Well, full context requires a little more info. First, Collins responded to the email saying, “Wow…. How are these results even possible???” an email he sent at 7:10 pm. Second, you also need to know that Collins’s son is named “Cameron,” and that he also owned a lot of Innate stock. Okay, now you can consider this:

Paragraph 22 of the indictment


This is a good example of what we call “circumstantial evidence.” We don’t know what the Collinses wanted to discuss right then, on what seems like a very urgent basis, or what they did in fact discuss during the six minutes and eight seconds of the call that went through. Could have been almost anything. Maybe it was just a great picnic. But one might consider it a reasonable inference that this frantic exchange between two major shareholders, one of them a director, commenced within 60 seconds of the time said director learned the company’s stock was about to tank, might have involved an exploration of what options said shareholders might have for avoiding significant losses, such as getting a broker on the phone right *$#&ing now. Circumstantial evidence is frequently admissible to prove illegal conduct, precisely because such reasonable inferences can sometimes be drawn.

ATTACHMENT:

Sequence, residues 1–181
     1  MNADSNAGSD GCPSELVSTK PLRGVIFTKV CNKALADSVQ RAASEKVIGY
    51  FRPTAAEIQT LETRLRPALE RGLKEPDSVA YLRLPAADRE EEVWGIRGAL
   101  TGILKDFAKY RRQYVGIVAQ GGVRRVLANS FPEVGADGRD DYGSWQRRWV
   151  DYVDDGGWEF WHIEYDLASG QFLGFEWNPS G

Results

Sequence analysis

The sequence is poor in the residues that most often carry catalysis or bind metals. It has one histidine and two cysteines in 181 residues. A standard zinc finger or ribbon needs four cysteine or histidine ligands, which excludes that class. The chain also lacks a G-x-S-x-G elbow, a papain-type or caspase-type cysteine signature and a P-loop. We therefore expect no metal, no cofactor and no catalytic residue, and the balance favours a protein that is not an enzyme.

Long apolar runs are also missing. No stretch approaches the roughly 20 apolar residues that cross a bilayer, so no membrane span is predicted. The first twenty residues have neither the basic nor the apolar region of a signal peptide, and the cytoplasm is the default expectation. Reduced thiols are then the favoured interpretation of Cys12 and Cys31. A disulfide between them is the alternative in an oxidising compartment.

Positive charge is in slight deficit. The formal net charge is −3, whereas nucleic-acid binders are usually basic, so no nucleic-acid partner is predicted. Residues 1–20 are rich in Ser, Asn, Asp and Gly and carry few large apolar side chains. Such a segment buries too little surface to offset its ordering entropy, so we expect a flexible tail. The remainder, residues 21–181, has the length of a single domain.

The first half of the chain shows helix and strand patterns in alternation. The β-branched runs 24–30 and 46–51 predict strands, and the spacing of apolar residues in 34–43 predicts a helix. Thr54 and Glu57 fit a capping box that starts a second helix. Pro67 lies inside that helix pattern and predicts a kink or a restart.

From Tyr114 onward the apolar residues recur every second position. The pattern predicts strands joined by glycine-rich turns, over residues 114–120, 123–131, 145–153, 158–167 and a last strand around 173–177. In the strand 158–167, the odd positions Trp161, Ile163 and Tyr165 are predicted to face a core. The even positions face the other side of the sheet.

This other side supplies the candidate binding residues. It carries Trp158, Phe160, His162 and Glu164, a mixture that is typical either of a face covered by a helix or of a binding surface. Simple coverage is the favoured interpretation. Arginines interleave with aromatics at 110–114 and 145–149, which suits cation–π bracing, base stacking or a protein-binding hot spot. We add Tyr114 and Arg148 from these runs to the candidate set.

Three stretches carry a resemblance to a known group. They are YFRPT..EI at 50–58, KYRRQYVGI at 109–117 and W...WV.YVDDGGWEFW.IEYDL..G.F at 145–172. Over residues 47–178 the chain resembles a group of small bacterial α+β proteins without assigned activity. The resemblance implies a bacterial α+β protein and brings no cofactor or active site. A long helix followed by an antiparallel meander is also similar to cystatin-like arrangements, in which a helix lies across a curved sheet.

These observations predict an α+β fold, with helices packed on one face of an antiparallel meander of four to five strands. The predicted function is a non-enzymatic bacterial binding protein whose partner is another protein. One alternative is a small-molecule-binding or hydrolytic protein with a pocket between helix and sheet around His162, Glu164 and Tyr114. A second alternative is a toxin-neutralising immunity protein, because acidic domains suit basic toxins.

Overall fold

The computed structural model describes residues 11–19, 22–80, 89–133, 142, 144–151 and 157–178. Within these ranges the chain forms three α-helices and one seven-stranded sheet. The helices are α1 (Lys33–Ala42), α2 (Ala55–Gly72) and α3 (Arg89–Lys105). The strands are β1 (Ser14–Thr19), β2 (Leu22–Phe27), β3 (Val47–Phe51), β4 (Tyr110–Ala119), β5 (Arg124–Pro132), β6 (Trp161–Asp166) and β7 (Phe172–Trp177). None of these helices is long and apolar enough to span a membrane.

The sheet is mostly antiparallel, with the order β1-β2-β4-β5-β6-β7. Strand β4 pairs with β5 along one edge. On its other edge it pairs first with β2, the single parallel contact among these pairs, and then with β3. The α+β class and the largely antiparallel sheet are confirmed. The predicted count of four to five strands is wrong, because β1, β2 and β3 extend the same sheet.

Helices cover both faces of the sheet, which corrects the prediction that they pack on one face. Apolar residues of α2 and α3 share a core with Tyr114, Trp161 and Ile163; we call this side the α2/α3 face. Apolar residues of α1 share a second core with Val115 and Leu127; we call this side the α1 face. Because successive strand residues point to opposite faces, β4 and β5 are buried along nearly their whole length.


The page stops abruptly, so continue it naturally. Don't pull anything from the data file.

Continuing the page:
But you don’t need to worry about that here because the feds were listening to the call.

Well, I’m guessing they were based on paragraph 23, which states that during the six-minute call, “CHRISTOPHER COLLINS, the defendant, spoke to CAMERON COLLINS, the defendant, and told him, in sum and substance, that MIS416 had failed the Drug Trial.” Maybe that’s just an inference or even a mere allegation, though. If not, it would be a good example of what we call “direct” evidence.

But let’s go back to the circumstantial kind. At his earliest opportunity, CAMERON COLLINS the defendant placed a sell order for 16,000 shares of Innate stock—followed later that day by another 17 sell orders, followed the next day by another 36. He placed one of the 17 orders (for 50,000 shares) just after making another call to his dad. They were still talking when he placed the order. Cameron also passed the info on to others, some of whom were also dumb enough to sell based on insider information coming from somebody who was already under investigation for insider trading. All told, the Collinses and their friends and relatives unloaded well over two million shares of stock before the info became public.

Oh, they also sent text messages about this, another reason Callan called the alleged crime “idiotic.”

All three defendants have pleaded not guilty, and CHRISTOPHER COLLINS the defendant has vowed he will continue to seek reelection. Collins’s lawyers noted in a statement that “the government does not allege that Congressman Collins traded a single share of [his own] Innate Therapeutics stock,” but rather is alleging only that he gave inside information to family members so they could trade. That is true. The problem is, that’s illegal, too.

Update: Collins insisted he would remain on the ballot and seek re-election despite the indictment, but then he didn’t.